A Beginner's Guide to Personal Loans
Most financial experts will advise you to avoid debt whenever possible. Still, there are times when borrowing — especially within the context of a well-conceived and -followed plan — can be a useful or necessary tool. Before you jump into filling out applications, however, there are some critical points to understand first.
What is a Personal Loan?
Personal loans are made for a fixed amount of money, typically lent to you by a credit union or bank, with a fixed interest rate and set repayment terms. Unlike other types of loans (such as auto loans), personal loans often don't have physical assets attached to them. Due to this lack of collateral, interest rates for personal loans tend to be slightly higher than other types of loans.
For example, an auto loan utilizes the car or truck as collateral. If you don't make your loan payments, your car can be repossessed and re-sold to allow the lender to recoup (at least some of) their losses. Higher interest rates on uncollateralized loans offset this additional risk.
Many times, personal loan funds represent a lump sum of cash that you can do with what you like.
How Can You Use a Personal Loan?
Some lenders will put stipulations on how a personal loan is used, particularly for borrowers with troubled credit. In these cases, the funds might be loaned in the form of a check written to another debtor, for instance.
But many times, especially if you’re not a high credit risk, the personal loan funds are distributed directly to you without such stipulations. In these cases, the loan represents a lump sum of cash that you can do with what you like.
A few common uses for personal loans include:
- Home Improvement
Moderate repairs and upgrades to your home can often require a fairly substantial amount of upfront resources; for this reason, many people utilize personal loans to make these improvements.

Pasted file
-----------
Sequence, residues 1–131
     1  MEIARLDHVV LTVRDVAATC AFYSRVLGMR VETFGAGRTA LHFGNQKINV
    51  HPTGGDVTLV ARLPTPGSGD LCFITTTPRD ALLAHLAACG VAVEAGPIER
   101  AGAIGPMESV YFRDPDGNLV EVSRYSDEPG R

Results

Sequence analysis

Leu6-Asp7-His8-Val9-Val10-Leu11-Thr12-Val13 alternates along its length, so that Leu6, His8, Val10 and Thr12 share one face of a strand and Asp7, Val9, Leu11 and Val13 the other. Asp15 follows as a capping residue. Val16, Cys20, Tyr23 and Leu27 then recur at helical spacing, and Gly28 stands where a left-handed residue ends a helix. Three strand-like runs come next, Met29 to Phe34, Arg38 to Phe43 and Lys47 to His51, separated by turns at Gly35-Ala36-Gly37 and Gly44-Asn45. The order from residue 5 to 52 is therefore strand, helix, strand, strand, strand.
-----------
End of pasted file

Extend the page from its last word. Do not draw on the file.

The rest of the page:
The problem with unexpected emergencies is that they're, well, unexpected. Everyone should have an emergency fund to cover at least six months of expenses, but it's often the case that people haven't saved enough to cover an unfortunate emergency, such as property damage from a storm or accident, the sudden illness of a family member, or unforeseen pet medical care.
Medical bills can be costly; while you may have insurance, most insurance plans only cover some medical expenses. Out-of-pocket expenses like co-pays, deductibles, at-home nursing care, or extended time away from work might need to be covered upfront. Hopefully, you never find yourself in this situation. However, if you ever do, personal loans can be a great resource to cover these expenses.
As anyone with an excellent credit score will tell you, paying off debt is a crucial element of healthy credit and managing financial stress. Higher-interest debt can compound and cost more over time; in these situations, taking out a personal loan at a lower interest rate can be a smart financial decision.
Understanding Personal Loan Terms
When applying for a personal loan, you’ll no doubt come across a few key terms.
- Interest Rate
The interest rate is the amount of money you'll pay back in addition to the amount borrowed, expressed as a percentage. For example, if you take out a $5,000 personal loan at an interest rate of 10%, you will have to pay back $5,500 ($5,000 + $500 or 10%).
Concurrent with interest rates, some personal loans include additional fees. The annual percentage rate (APR) is the yearly amount you'll pay, including the interest rate and any fees.
- Repayment Terms
The repayment terms dictate how often and long you will have to pay back your loan, plus interest and fees, in addition to the minimum amount you'll be paying — usually monthly.
- Prepayment Penalties
If your loan has a prepayment penalty, paying your loan back before the end of your repayment terms results in an extra fee, essentially to cover the loss of interest earned by the lender. Not every lender or personal loan includes prepayment penalties, so be sure to know all of the terms before applying.
Some lenders might include additional fees, such as origination and service fees. Sometimes these amounts are nominal; however, these additional costs can also add up quickly, so be sure to look over all the fees attached to your loan before you sign.
How to Apply for a Personal Loan
Applying for a personal loan is a straightforward process. Once you've read over all the terms from the lender, fill out and submit your application, and wait to receive a decision. The lender will review your loan application and consider any number of factors, typically including your credit history, debt-to-income ratio, employment, and income. The better positioned these factors are, the more likely you will qualify for a lower interest loan.
Is a Personal Loan Right for You?
When applying for a loan, the most important rule is that you should only take out a personal loan if you need it and can afford to pay it back. And the faster you can do so, the less interest you'll be paying. Personal loans are meant for well-thought-out strategic financial decisions. A personal loan should not be seen as free money, as all loans come with a cost.